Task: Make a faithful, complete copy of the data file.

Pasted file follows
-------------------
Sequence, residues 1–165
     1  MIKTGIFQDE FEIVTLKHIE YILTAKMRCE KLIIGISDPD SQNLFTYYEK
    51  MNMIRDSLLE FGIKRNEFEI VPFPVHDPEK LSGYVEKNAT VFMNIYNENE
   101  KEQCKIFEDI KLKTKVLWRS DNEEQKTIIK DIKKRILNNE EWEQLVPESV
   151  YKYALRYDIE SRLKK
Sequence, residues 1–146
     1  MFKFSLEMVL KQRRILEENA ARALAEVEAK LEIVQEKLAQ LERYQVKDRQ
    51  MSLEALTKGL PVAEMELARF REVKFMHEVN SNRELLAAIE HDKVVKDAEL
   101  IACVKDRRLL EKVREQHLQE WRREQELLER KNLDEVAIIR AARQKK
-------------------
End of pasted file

Sequence, residues 1–165
     1  MIKTGIFQDE FEIVTLKHIE YILTAKMRCE KLIIGISDPD SQNLFTYYEK
    51  MNMIRDSLLE FGIKRNEFEI VPFPVHDPEK LSGYVEKNAT VFMNIYNENE
   101  KEQCKIFEDI KLKTKVLWRS DNEEQKTIIK DIKKRILNNE EWEQLVPESV
   151  YKYALRYDIE SRLKK
Sequence, residues 1–146
     1  MFKFSLEMVL KQRRILEENA ARALAEVEAK LEIVQEKLAQ LERYQVKDRQ
    51  MSLEALTKGL PVAEMELARF REVKFMHEVN SNRELLAAIE HDKVVKDAEL
   101  IACVKDRRLL EKVREQHLQE WRREQELLER KNLDEVAIIR AARQKK